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Gsu Clears The Air, University Working To Resolve Toxic Mold Problem.   PDF  Print  E-mail 
Posted by Susan Lillard  
Sunday, 03 October 2004

Written by: Jenel Few :

Organization: Savannah Morning News

Faculty and staff in four mold-infested buildings at Georgia Southern University are breathing easier as university officials complete cleanup and try to prevent future problems. Student Health Services Director Lynn Tabor pointed up at the rusty heating and air conditioning fan coil unit above his office doorway and described how it was cleaned out and all of the wallpaper around it removed and replaced with mold-resistant paint. The office and storage rooms adjacent to his received the same treatment. Most of the mold was concentrated in a storage closet where a case of sodas had burst.

A six-foot section of wall and all of the carpet was removed and replaced. Tabor said he is satisfied with the clean-up effort. "We've got very good support from our physical plant division," Tabor said. "And I know they're looking at other things to do to address the problem." Common indoor molds -- cladosporium, penicillium, and aspergillus -- and the toxic mold stachybotrys were found growing in Health Services, Communication Arts, Williams Center and Anderson Hall this summer. The university tested for mold following complaints about illness caused by mold exposure.

According to the Centers for Disease Control, molds typically cause nasal stuffiness, eye irritation, or wheezing among people who are mold-sensitive. People with serious allergies can have more severe reactions, including infection. Stachybotrys produces toxins and has caused hemorrhaging in rare cases involving people who were taking immune suppression drugs, or were exposed to the mold through a puncture wound or in massive amounts. The Health Center, where Tabor's office and the student health clinic are located, contained stachybotrys and cladosporium. "The two buildings that required the most work were health services and communication arts," said university Spokesman Michael Sullivan. Georgia Southern's Communication Arts building contained cladosporium, stachybotrys, penicillium and aspergillus molds.

More than a decade old, the classroom and office building is a temporary portable that is prone to moisture leaks through its aging roof. The building's ceiling tiles were spotted and stained brown with mold and moisture. The worst of it was concentrated in a theatre room called the black box. But all of the moldy ceiling tiles have been removed or replaced and workers were atop the building Wednesday making preparations for a roof replacement. "Every ceiling tile in this building is new and we anticipate having a new roof by the end of the month," Sullivan said. "Building a permanent replacement for the building is on the top of the university's priority list, but the project didn't make the Board of Regent's wish list.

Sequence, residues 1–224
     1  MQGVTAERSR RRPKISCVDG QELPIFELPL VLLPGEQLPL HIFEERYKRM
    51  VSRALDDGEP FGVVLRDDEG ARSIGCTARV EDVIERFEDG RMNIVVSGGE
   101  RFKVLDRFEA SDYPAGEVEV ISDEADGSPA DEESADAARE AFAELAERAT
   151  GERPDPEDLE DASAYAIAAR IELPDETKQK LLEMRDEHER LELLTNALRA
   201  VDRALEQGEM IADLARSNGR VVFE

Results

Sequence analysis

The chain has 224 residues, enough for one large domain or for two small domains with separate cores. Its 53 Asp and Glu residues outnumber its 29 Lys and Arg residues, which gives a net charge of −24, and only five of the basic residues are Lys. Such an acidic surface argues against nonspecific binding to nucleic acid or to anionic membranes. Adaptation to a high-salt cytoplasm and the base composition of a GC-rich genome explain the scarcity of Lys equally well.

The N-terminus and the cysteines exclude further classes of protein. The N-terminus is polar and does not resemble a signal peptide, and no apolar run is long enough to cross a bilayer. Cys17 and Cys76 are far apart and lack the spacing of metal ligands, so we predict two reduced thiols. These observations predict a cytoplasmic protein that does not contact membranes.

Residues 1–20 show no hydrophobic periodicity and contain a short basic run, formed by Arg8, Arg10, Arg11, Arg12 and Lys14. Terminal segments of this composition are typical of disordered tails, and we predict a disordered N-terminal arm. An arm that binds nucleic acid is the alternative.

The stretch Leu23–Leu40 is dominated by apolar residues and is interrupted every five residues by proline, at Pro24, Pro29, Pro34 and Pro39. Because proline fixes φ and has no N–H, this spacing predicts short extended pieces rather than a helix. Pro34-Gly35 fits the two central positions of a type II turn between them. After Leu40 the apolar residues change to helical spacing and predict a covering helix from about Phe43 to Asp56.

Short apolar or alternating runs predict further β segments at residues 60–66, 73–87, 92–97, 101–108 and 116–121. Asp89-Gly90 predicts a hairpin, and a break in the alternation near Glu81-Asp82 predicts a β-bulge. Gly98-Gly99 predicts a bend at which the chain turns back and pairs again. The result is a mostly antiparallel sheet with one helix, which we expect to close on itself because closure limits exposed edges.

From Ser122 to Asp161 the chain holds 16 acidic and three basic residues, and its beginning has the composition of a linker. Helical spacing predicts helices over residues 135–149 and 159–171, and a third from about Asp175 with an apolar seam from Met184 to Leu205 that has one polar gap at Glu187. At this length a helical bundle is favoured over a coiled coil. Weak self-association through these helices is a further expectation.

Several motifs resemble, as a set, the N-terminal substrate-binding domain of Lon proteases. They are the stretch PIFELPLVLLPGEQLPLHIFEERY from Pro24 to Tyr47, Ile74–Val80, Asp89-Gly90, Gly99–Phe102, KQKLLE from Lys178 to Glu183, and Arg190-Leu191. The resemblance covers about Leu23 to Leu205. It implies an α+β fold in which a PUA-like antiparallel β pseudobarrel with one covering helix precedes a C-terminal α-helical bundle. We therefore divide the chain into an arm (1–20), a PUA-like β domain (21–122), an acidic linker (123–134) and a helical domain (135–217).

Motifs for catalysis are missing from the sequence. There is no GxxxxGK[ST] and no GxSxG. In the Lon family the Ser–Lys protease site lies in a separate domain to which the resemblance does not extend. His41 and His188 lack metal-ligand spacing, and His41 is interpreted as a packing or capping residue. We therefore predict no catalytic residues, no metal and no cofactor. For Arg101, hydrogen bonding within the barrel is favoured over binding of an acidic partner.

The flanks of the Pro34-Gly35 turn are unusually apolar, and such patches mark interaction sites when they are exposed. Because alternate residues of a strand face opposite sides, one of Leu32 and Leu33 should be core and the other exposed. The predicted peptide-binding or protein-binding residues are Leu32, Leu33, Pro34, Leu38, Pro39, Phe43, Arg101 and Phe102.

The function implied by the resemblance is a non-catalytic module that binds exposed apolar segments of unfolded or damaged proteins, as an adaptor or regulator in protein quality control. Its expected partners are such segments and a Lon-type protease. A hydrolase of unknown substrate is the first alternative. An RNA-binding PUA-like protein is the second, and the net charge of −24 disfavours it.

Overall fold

We hope to get on the list next year." Most of the work in the two other buildings required only extensive cleanup with bleach and water, Sullivan said. The Williams Center, which houses the student newspaper, contained cladosporium, stachybotrys, penicillium and aspergillus. Anderson Hall, an original campus building built in 1907, had penicillium, aspergillus and stachybotrys molds as well as a problem with fleas and insect fragments.This facility houses administrative offices with window air-conditioning units that might have allowed moisture and insects inside. Now that the mold is cleaned up, the university is working to stop the moisture problems that could generate new mold. But that's not an easy task. Molds are always present in the environment to some degree and in humid climates, the constant moisture helps them flourish.

Physical plant staff is trying to engineer a way to reduce an ongoing humidity and condensation problem with the Health Center's heating and air system. Pipes carry hot and cold water through the building's ceiling to fan coil units that blow hot and cold air. Insulation and condensation problems with the pipes generate moisture, especially in the summer months. "It's a constant struggle," said Tabor. But Sullivan said the staff plans to prevail. "We are hoping at this point everything is fine," he said. "If it is not, we'll go back and address whatever continuing problems there are."

Last Updated (Sunday, 03 October 2004)

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